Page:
Physical fitness may support immune health

Individuals who are looking to boost their immune health this winter may simply need to increase their level of physical activity. New research published in the British Journal of Medicine indicates that individuals who are more physically fit get fewer colds.

A team of researchers from Appalachian State tracked the medical records of 1,000 adults up to age 85. They then asked the participants about how much aerobic exercise they got on a weekly basis. The findings showed that individuals who reported being physically fit had nearly 50 percent fewer days with cold or flu symptoms.

Additionally, the severity of symptoms were significantly lower among those who had a higher level of fitness.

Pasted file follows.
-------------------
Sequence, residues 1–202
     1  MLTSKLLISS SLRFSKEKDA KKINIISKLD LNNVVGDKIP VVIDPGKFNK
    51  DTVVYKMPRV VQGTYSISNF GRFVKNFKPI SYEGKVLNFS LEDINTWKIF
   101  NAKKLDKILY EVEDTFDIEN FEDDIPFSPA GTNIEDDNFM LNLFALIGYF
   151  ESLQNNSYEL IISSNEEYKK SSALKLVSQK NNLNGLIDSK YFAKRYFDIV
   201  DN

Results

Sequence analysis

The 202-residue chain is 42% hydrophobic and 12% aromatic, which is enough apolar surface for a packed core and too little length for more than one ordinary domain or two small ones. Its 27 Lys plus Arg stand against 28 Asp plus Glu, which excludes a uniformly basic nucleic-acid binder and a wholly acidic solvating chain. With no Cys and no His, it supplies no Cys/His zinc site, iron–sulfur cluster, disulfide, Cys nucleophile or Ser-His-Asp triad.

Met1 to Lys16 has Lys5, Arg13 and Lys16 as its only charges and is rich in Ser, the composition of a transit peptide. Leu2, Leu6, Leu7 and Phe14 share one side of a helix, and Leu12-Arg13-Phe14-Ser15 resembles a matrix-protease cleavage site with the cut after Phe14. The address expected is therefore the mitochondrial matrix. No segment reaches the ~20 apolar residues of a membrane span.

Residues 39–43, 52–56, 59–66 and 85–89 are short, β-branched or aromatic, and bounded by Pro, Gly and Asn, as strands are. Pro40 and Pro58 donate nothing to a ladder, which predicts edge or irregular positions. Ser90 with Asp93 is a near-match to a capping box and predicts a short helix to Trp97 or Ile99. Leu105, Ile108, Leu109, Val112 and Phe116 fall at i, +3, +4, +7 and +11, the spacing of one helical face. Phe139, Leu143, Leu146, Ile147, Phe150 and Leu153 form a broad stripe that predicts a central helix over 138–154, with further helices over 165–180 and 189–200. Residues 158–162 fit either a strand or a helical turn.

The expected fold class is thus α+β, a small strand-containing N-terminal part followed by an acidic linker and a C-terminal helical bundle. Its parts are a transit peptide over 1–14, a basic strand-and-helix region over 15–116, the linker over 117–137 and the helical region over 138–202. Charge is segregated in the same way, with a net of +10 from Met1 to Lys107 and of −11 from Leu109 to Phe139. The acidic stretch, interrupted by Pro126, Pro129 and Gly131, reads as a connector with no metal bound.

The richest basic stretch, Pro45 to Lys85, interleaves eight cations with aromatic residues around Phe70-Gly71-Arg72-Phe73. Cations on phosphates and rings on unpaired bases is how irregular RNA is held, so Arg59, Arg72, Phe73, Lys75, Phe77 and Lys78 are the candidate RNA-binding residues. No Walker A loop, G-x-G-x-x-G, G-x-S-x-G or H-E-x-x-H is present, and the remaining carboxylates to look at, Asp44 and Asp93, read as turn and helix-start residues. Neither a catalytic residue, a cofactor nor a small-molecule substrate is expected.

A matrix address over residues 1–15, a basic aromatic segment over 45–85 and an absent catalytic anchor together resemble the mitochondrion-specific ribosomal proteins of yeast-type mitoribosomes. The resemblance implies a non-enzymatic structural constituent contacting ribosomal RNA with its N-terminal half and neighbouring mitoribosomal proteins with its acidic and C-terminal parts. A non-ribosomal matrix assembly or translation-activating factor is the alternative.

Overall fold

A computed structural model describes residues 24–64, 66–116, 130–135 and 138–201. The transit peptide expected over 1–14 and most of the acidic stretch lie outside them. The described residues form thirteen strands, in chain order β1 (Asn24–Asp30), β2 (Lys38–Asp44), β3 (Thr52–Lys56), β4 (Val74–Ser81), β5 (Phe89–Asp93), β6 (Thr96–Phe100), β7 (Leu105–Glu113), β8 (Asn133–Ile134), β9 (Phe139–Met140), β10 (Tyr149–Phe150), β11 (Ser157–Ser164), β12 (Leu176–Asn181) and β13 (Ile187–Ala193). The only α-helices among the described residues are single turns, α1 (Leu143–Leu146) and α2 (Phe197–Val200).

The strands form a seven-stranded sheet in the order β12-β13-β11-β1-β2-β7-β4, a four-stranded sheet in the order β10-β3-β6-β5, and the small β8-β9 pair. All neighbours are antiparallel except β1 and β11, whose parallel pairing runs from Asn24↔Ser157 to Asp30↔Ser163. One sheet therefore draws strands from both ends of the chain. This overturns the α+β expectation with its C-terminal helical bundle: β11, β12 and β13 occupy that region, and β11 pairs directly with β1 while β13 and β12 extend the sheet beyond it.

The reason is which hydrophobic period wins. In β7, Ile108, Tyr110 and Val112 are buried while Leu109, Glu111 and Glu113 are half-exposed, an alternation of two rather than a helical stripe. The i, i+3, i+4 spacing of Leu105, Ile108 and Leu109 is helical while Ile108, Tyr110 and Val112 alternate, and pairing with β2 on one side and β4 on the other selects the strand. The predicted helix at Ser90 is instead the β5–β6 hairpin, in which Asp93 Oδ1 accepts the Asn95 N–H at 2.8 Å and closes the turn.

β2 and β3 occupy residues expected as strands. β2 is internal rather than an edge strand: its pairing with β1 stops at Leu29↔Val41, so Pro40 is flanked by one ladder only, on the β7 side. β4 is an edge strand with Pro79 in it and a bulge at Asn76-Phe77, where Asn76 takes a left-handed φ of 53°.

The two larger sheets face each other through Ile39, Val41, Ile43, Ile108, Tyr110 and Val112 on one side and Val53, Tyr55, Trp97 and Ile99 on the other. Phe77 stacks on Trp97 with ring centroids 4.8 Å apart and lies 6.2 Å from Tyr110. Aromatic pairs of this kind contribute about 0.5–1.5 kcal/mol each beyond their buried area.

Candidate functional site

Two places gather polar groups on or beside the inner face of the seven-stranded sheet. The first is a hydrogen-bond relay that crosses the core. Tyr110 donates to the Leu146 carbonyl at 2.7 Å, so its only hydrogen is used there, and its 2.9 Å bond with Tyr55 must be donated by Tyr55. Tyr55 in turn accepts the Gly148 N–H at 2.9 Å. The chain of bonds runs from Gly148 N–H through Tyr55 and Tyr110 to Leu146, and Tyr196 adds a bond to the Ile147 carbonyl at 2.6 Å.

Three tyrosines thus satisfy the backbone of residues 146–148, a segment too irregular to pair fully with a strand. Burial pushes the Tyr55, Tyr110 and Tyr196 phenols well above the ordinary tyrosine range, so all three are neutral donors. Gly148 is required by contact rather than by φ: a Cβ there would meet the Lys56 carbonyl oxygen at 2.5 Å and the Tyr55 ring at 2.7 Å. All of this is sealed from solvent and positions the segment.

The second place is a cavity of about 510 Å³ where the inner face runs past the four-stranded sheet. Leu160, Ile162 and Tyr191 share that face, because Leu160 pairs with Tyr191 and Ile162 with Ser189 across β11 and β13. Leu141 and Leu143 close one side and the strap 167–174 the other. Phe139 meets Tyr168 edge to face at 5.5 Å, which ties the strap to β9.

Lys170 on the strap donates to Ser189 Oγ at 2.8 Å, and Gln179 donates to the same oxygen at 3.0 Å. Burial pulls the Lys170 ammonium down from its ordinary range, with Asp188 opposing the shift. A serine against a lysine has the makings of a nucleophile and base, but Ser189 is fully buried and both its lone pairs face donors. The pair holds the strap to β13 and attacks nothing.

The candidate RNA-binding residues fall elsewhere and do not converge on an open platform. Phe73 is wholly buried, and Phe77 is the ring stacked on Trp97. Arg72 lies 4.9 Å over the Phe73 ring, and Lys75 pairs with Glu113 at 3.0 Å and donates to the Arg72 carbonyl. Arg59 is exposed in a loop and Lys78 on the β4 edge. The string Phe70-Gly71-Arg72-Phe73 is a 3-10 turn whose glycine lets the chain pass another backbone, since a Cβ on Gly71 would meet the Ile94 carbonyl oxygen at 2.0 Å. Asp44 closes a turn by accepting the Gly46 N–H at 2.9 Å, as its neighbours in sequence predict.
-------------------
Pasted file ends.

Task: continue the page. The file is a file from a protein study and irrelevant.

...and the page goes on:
Researchers said that physical exercise temporarily increases the amount of immune cells that circulate through the blood stream. When exercise is done frequently enough, it may have significant long-term effects on immune health.

The average American adult gets anywhere from two to four colds per year. The findings could help millions of people avoid illness and time away from work or school.